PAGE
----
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Biol Open. 2014 Jan 15;3(1):42-9. doi: 10.1242/bio.20137120.

Mutagenesis and homologous recombination in Drosophila cell lines using CRISPR/Cas9.

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Medical Research Council Functional Genomics Unit, Department of Physiology, Anatomy and Genetics, University of Oxford, South Parks Road, Oxford OX1 3PT, UK.


We have applied the CRISPR/Cas9 system to Drosophila S2 cells to generate targeted genetic mutations in more than 85% of alleles. By targeting a constitutive exon of the AGO1 gene, we demonstrate homozygous mutation in up to 82% of cells, thereby allowing the study of genetic knockouts in a Drosophila cell line for the first time. We have shown that homologous gene targeting is possible at 1-4% efficiency using this system, allowing for the construction of defined insertions and deletions. We demonstrate that a 1 kb homology arm length is optimal for integration by homologous gene targeting, and demonstrate its efficacy by tagging the endogenous AGO1 protein. This technology enables controlled genetic manipulation in Drosophila cell lines, and its simplicity offers the opportunity to study cellular phenotypes genome-wide.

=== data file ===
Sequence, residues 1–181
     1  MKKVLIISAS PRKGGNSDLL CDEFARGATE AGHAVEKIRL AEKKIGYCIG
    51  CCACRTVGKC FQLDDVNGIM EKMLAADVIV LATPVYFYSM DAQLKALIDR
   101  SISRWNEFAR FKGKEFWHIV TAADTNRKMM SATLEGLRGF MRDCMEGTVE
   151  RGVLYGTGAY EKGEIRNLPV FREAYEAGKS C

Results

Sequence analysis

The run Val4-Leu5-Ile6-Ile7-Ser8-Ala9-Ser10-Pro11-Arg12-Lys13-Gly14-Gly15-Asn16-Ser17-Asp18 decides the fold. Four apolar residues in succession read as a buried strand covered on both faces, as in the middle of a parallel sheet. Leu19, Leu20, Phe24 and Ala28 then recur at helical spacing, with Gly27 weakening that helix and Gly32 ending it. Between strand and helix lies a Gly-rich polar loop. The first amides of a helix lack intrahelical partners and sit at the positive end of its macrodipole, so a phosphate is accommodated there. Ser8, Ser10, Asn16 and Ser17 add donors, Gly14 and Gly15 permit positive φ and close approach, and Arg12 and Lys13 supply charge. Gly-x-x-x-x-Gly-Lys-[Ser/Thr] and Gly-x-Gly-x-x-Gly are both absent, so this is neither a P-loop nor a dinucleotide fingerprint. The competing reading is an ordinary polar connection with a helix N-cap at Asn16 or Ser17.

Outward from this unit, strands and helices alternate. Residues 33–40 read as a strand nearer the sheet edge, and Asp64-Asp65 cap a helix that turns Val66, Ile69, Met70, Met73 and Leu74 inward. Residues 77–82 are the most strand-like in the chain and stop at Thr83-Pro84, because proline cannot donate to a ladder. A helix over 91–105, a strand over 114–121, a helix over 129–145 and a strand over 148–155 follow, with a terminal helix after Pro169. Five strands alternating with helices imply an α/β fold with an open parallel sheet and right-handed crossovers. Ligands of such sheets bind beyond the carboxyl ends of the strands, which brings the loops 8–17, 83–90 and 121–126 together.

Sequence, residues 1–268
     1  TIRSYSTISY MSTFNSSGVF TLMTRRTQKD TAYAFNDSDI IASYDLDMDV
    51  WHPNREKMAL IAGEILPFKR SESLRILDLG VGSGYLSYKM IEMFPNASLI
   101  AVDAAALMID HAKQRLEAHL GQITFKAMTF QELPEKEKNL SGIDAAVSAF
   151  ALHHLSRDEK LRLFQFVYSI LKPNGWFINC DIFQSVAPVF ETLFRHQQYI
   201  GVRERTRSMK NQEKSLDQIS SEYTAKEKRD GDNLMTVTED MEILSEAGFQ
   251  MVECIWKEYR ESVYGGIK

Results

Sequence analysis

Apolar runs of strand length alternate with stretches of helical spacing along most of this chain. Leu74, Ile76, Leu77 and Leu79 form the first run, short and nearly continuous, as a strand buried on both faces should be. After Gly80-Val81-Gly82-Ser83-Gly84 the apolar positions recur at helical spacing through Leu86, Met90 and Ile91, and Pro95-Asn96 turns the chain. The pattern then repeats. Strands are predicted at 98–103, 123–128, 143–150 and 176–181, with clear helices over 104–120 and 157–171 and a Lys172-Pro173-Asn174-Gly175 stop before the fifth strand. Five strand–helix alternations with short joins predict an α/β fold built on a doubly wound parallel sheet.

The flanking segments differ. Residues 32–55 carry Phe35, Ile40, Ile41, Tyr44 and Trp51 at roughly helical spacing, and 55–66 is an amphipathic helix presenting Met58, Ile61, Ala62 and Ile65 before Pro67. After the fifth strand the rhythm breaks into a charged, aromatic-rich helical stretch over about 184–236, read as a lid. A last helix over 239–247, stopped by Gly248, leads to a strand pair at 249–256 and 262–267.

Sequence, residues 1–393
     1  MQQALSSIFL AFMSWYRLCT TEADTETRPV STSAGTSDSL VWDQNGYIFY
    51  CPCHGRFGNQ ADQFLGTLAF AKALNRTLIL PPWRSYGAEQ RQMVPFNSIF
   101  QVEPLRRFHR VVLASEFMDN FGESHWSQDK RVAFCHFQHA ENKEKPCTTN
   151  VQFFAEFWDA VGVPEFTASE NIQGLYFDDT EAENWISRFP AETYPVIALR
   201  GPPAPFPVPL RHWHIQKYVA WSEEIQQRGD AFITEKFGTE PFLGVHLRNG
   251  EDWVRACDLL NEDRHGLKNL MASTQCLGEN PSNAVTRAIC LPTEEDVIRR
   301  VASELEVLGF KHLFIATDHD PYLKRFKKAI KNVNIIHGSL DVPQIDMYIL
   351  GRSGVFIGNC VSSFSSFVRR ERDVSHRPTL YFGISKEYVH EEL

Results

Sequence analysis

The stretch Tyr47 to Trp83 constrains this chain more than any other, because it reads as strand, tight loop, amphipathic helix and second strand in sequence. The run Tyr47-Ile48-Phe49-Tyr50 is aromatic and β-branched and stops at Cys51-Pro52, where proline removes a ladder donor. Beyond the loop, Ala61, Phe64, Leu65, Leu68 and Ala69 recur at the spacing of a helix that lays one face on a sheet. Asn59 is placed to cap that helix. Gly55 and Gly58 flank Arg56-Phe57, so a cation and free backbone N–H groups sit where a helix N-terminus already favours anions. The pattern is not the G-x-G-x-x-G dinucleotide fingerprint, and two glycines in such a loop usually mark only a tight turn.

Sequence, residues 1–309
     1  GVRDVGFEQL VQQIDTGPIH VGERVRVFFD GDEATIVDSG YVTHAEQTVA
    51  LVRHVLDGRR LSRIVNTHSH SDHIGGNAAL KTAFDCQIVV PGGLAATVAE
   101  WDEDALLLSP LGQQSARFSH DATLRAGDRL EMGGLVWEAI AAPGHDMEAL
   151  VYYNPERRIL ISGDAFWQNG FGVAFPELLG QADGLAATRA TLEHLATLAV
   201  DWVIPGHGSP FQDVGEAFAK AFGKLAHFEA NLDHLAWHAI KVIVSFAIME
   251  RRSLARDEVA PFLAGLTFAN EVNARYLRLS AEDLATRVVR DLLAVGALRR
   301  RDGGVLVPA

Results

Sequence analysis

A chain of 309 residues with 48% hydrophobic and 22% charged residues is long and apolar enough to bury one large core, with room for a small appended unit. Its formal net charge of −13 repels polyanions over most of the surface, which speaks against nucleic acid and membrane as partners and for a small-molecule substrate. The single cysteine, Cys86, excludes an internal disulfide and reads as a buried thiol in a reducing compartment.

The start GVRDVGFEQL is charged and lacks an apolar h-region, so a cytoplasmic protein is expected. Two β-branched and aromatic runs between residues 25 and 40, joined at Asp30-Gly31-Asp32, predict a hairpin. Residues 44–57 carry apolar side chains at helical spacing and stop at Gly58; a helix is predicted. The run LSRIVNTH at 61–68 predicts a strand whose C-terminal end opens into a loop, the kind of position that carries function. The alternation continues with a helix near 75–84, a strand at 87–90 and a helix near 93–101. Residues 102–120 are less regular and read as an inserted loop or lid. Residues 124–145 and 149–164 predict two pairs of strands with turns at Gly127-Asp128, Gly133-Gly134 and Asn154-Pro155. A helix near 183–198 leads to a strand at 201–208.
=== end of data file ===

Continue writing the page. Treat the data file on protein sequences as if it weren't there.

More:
CRISPR; Cas9; Drosophila S2 cells; Gene targeting; Genome engineering; Homologous recombination

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